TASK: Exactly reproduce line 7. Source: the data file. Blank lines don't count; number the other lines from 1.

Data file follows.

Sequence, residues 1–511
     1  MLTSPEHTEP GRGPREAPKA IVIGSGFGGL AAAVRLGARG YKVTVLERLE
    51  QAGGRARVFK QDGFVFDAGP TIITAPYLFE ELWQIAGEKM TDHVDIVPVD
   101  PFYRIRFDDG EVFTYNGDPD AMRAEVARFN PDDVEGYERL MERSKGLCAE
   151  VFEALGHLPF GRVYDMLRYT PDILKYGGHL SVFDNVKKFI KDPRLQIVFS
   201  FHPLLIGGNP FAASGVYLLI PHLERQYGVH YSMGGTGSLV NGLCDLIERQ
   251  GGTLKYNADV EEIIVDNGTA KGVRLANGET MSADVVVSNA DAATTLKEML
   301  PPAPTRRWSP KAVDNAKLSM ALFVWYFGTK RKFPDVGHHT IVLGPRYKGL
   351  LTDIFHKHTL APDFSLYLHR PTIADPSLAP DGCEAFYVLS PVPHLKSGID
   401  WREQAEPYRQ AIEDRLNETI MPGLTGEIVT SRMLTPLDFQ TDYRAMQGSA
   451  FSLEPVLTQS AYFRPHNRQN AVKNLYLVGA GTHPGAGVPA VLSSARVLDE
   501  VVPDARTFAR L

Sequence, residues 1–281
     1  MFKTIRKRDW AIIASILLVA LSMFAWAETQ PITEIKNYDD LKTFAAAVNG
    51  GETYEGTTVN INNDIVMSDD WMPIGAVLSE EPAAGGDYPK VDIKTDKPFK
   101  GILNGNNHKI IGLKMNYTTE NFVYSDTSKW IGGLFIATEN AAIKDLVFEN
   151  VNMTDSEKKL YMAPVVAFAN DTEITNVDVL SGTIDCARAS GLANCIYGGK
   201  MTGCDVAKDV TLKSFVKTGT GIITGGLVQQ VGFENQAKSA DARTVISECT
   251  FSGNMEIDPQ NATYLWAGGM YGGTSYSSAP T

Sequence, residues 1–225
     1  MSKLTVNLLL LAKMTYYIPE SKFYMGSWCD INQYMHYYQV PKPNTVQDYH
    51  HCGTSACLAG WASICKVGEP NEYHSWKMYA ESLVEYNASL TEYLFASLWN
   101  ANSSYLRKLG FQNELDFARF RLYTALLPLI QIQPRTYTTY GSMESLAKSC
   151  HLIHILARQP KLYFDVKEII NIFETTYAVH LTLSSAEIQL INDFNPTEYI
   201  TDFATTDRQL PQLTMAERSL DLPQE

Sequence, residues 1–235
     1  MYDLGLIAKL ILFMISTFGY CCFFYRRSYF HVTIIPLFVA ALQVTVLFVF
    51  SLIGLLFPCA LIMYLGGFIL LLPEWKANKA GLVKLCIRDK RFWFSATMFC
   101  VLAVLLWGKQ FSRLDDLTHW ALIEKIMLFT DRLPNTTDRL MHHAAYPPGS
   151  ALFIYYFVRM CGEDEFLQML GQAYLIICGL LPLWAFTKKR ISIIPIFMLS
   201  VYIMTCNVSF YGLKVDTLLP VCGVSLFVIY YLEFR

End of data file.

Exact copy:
   251  GGTLKYNADV EEIIVDNGTA KGVRLANGET MSADVVVSNA DAATTLKEML